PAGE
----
Deep Learning to Revolutionize the Cancer Cure
After cardiovascular diseases, cancer is the leading cause of death in the world. The death toll for cancer was 18.1 million in 2018, resulting in a financial burden of more than 1.16 trillion dollars worldwide. Even this number pertains only to the definitively diagnosed cases, as a large chunk of the affected population goes undiagnosed due to the inaccessibility of medical facilities or the lack of infrastructure to detect the unimaginable diversity cancer presents. Cancer is becoming one of the most wide-spread diseases – thanks to our modern lifestyle. The following visualizations show the rate of new cancers in the U.S. (State-wise map visualization), types of cancers by number of cases and death tolls.
With recent advancements in medicine, many statistics will show that the accuracy of diagnosis has increased. However, errors due to lead-time bias, length bias, overdiagnosis, etc. can often lead to bloated, misinterpreted numbers. Present detection techniques are just not powerful enough to characterize each cancer accurately based on diagnosis and prognosis. Neither can they predict the possibility of malignancy at a later stage. This is exactly what machine learning (ML), especially deep learning, is set to change.
The disparity between the diagnostic and the prognostic accuracy is a telling sign of our lack of understanding of cancer. Presently, doctors can correctly ascertain if you have cancer or not using various test results over, or at least around, 70% of the time. In contrast, the prognosis accuracy percentages are mostly sub-50.
A study revealed accuracy to be 25% within a week, 43% within two weeks, and 61% within four weeks. The increase in accuracy with time indicates that most long-term prognosis is simply speculation. As cancer progresses, its unpredictability does too. Consequently, doctors make more mistakes in diagnosis as well as prescription of definitive prognosis-based treatment. This is why early detection is so essential even in relatively harmless cancers.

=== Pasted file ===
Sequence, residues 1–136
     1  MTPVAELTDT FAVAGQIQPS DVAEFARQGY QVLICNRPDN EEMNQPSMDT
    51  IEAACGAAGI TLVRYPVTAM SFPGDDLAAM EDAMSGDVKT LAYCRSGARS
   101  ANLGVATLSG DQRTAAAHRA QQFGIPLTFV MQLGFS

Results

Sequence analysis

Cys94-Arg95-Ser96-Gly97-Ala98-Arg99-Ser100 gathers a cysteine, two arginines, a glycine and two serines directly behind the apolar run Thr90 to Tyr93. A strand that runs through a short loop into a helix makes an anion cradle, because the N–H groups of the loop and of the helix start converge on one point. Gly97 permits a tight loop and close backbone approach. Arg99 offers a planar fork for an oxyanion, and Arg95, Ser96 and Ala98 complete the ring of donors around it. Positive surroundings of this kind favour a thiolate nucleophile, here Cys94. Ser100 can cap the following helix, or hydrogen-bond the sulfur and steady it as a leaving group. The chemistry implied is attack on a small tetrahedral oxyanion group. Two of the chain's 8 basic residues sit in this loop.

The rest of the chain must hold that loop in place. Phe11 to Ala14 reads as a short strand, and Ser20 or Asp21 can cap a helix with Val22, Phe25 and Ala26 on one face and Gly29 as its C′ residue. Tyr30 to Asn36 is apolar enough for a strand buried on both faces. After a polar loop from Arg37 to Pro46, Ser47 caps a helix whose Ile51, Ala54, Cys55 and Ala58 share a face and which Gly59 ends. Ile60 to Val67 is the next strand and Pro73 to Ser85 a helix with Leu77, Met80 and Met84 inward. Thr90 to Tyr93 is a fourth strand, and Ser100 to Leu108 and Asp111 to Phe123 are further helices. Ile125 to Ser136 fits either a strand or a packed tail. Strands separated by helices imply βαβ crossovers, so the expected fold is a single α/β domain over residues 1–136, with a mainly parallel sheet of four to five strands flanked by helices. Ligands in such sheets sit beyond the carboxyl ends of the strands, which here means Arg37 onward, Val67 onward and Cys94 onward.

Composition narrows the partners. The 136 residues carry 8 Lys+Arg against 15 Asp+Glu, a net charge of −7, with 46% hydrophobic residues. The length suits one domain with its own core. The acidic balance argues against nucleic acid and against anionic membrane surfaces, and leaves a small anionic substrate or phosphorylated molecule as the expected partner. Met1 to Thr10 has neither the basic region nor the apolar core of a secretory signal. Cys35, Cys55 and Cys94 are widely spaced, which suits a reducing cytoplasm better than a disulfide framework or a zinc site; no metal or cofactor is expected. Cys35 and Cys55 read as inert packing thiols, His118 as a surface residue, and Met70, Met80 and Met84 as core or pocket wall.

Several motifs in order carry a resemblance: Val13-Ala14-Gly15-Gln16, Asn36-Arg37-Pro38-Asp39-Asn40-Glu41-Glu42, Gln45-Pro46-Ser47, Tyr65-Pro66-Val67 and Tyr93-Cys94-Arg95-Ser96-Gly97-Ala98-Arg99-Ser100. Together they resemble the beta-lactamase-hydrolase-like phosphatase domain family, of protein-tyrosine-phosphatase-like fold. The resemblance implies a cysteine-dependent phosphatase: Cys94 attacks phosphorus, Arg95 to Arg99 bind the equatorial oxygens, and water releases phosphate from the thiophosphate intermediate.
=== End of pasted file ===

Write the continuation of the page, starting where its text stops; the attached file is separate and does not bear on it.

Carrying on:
With machines, the numbers move to the 80s and 90s. Technology like the convolutional neural network (CNN) employs AI-powered neural networks for unsupervised learning of structured or unstructured datasets to make pixel-level analyses of images, detect lines and curves through the relational study of the pixels, and accordingly aid in the diagnosis, prognosis, and highly targeted treatment recommendations.
Such granularity cannot be provided by a human. Most medical diagnoses are done via some form of imaging, either in vivo or in vitro. AI machines can read thousands of these in minutes, using the same method as human brains to ascertain variables, dimensions, normals, and anomalies. As more test sets are run through it, the learning process becomes more refined, rapid, and accurate, providing exponentially better results than multiple humans put together.
Artificial neural networks (ANNs) dish out more accurate results when it has all the variables that affect cancer. A simplistic ANN working model has three layers of data - the input layer, the hidden layer, and the output layer. The output layer consists of the diagnosis, prognosis, and recommended treatment. The hidden layer consists of the multi-level processed data and information.
The input layer consists of all the data that the doctor thinks is relevant to cancer. This would contain the patient’s medical history and test results of the patient from whichever technique was used, like mammography, USG, CT, MRI, PET, radio-imaging, etc. Besides that, secondary data like the patient’s diet and exercise habits, pollutant levels in the immediate environment that they mostly inhabit, possible contact with common carcinogens, history of substance abuse, daily health data from wearables, etc could give useful insight into possible causes and expected progression.